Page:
On Wednesday, March 13, Equality California announced its legislative package for the 2013-14 legislative session. EQCA says (see entire press release below):
These bills will remove an unfair tax on same-sex couples with employer health insurance (AB 362, Ting), ease the requirements for gender identity name changes (AB 1121, Atkins), provide LGBT cultural competency training for health care providers (AB 496, Gordon), ensure that LGBT people are represented in data collection (SB 280, Lieu and Lara) and ensure that non-profit youth groups that receive state tax privileges comply with existing California anti-discrimination laws (SB 323, Lara).
Even with a pro-equality majority in the California Legislature, all the bills will require a push from the LGBT community - especially SB 323 by openly gay Assemblymember Ricardo Lara that would close a loophole that allows discriminatory youth organizations such as the Boy Scouts of America to get a tax exemption "for working in the public interest." EQCA Executive Director John O'Connor has set up an Action Alert for SB 323:
We know that discrimination isn't in the public interest. We know that being excluded has real costs for LGBT youth, and that the values that organizations like the Boy Scouts teach -- good citizenship, character and teamwork -- are just as important for our youth. So why should we give organizations that don't reflect our values a special exemption? Why should they get special rights?
Unfortunately, because this is a bill related to taxes, we need a two-thirds majority in the California legislature to pass it. Which means that we need every legislator to know that California won't reward excluding LGBT people. Please take a moment to contact your legislator, either using the letter below or by writing one of your own.
No doubt there will be a backlash since the Boy Scouts are involved.
But that private religious-based organization is now under attack nationally for their long history of proudly discriminating against gay scouts, leaders and den mothers. So SB 323 is, in effect, leading a larger trend to end youth abuse. Last year, despite intense pressure from the religious right and political conservatives who tout psychological abuse to try to change a young person's sexual orientation or gender identity, the Legislature passed and Gov. Brown signed SB 1172 - the first bill in the nation to ban this form of abuse, which heretofore had been considered "acceptable" as so-called "therapy" to "repair" LGBT people who don't need repairing.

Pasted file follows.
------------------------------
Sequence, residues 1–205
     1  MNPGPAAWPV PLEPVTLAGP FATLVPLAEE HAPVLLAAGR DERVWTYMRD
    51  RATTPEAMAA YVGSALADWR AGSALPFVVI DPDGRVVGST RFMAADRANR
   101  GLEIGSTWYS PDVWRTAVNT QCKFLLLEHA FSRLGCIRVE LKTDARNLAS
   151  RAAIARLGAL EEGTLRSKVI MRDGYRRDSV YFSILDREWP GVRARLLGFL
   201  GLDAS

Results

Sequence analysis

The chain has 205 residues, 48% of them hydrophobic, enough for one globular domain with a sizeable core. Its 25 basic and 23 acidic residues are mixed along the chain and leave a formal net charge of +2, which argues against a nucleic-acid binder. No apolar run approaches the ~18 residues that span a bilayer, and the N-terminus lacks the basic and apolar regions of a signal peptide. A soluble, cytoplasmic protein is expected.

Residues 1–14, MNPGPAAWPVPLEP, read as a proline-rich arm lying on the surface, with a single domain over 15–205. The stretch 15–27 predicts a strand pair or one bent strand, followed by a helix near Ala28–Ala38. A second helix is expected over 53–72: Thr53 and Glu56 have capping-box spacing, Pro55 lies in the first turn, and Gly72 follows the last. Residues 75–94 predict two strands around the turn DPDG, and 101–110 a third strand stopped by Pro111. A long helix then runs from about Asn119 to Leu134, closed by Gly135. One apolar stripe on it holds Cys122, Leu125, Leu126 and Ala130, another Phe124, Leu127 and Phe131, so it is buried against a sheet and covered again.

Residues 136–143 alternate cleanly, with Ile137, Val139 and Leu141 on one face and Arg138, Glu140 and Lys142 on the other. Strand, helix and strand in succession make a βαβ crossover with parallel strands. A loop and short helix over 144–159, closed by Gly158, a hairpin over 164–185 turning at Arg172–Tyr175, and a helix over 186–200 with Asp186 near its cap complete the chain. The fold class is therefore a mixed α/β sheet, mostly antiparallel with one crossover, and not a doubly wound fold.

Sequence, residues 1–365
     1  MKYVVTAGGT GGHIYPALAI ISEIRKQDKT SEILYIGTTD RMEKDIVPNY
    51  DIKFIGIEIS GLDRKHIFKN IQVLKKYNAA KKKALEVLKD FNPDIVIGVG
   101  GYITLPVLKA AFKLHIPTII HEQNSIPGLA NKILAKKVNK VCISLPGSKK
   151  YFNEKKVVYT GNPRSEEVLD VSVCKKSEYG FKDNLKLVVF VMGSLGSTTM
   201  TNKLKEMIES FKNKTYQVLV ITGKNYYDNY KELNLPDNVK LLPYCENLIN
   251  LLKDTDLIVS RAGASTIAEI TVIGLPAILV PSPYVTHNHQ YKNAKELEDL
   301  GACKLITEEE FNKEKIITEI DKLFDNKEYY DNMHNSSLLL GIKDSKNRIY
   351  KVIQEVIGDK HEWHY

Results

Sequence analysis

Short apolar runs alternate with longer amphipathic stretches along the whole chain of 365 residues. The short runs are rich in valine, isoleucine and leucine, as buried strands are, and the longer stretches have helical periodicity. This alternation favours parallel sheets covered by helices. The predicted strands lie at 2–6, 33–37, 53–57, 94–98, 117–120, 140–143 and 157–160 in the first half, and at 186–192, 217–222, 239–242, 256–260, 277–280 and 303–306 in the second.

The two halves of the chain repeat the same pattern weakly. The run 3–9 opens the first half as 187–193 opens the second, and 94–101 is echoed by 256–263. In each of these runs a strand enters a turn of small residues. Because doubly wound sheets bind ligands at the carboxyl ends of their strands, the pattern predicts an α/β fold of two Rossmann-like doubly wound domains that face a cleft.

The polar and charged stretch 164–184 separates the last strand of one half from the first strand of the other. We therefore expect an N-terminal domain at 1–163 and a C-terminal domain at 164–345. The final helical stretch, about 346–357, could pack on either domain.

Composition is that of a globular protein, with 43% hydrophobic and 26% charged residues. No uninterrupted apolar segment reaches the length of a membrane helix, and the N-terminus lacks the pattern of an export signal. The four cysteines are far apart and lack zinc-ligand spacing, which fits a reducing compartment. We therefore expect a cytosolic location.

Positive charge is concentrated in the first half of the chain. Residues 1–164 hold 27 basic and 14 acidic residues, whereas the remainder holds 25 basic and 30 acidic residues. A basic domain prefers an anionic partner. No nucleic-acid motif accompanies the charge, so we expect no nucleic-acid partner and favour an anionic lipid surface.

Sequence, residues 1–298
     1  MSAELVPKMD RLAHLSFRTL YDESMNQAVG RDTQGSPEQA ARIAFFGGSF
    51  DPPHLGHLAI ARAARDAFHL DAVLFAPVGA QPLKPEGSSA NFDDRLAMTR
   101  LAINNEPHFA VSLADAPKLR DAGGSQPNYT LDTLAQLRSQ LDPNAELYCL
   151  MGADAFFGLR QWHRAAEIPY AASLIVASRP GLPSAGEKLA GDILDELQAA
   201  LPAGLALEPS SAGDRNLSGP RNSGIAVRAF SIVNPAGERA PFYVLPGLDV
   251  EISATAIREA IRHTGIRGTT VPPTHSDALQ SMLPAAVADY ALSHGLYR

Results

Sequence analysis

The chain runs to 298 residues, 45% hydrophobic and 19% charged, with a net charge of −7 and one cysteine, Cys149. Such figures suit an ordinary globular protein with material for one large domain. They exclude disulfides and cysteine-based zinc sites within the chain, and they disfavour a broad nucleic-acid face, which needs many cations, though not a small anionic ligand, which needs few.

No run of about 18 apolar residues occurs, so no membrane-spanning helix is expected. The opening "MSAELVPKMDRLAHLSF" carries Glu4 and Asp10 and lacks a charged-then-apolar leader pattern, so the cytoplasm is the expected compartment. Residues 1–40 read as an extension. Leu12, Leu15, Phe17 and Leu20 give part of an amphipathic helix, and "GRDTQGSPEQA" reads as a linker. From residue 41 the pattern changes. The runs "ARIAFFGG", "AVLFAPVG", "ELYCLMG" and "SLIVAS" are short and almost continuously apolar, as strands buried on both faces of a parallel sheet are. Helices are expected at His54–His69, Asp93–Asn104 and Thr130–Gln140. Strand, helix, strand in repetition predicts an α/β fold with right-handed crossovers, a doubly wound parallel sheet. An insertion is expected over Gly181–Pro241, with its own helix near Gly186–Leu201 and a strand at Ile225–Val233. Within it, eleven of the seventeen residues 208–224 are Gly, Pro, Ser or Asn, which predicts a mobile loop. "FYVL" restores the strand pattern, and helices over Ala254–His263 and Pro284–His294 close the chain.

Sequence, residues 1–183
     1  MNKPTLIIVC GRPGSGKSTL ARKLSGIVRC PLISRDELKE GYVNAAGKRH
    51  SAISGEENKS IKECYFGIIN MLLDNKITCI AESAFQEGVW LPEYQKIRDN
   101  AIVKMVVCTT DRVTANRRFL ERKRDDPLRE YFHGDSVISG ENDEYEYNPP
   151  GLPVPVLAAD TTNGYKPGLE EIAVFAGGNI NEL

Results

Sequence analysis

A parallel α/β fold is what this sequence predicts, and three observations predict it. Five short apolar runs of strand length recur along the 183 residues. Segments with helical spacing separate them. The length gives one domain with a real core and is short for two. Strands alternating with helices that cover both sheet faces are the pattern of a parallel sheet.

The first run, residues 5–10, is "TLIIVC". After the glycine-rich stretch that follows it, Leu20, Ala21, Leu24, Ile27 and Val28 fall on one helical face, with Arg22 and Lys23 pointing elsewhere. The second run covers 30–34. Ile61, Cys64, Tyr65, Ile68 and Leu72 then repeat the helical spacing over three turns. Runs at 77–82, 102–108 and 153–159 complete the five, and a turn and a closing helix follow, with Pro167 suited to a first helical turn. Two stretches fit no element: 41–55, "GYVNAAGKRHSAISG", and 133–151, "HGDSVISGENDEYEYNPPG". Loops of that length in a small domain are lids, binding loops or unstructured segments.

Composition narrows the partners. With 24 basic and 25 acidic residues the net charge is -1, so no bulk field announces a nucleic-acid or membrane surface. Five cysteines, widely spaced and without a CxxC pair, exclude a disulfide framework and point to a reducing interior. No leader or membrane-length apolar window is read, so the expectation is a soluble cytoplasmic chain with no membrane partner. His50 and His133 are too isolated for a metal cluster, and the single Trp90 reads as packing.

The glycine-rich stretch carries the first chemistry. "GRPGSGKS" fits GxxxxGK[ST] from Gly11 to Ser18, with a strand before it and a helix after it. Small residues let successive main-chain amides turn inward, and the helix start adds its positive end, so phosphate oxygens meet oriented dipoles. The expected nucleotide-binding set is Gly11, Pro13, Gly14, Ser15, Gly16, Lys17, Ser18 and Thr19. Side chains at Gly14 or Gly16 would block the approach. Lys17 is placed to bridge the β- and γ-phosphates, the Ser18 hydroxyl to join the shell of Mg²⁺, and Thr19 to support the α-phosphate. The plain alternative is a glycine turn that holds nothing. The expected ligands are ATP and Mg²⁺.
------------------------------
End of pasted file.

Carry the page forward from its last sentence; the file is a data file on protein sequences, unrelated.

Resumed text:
Additionally, on Tuesday, Box Turtle Bulletin posted a piece noting that - while the IRS did not take a policy stand - contributors to groups that practice such abuse have:
Warren Throckmorton reports that the National Association for Research and Therapy of Homosexuality (NARTH) has had its tax exempt status revoked by the Internal Revenue Service after failing to file IRS-990 forms for the last three consecutive years. Throckmorton discovered the notice on the IRS web site, which truncates NARTH's name but identifies NARTH by its Employer Identification Number, which matches the number NARTH listed on its 2009 filing.....
By the way, good luck trying to figure out whether NARTH is a tax exempt organization. Its donation page is silent on the issue, but Throckmorton found this membership page which suggests donations are tax deductible.
"NARTH's work throughout the years has amounted to child abuse in every sense of the word," Human Rights Campaign President Chad Griffin said in a press release. "Sadly, some therapists have looked to this discredited organization for guidance on treating their most vulnerable patients and this has had drastic results. The IRS is just the latest organization to take a death blow at NARTH."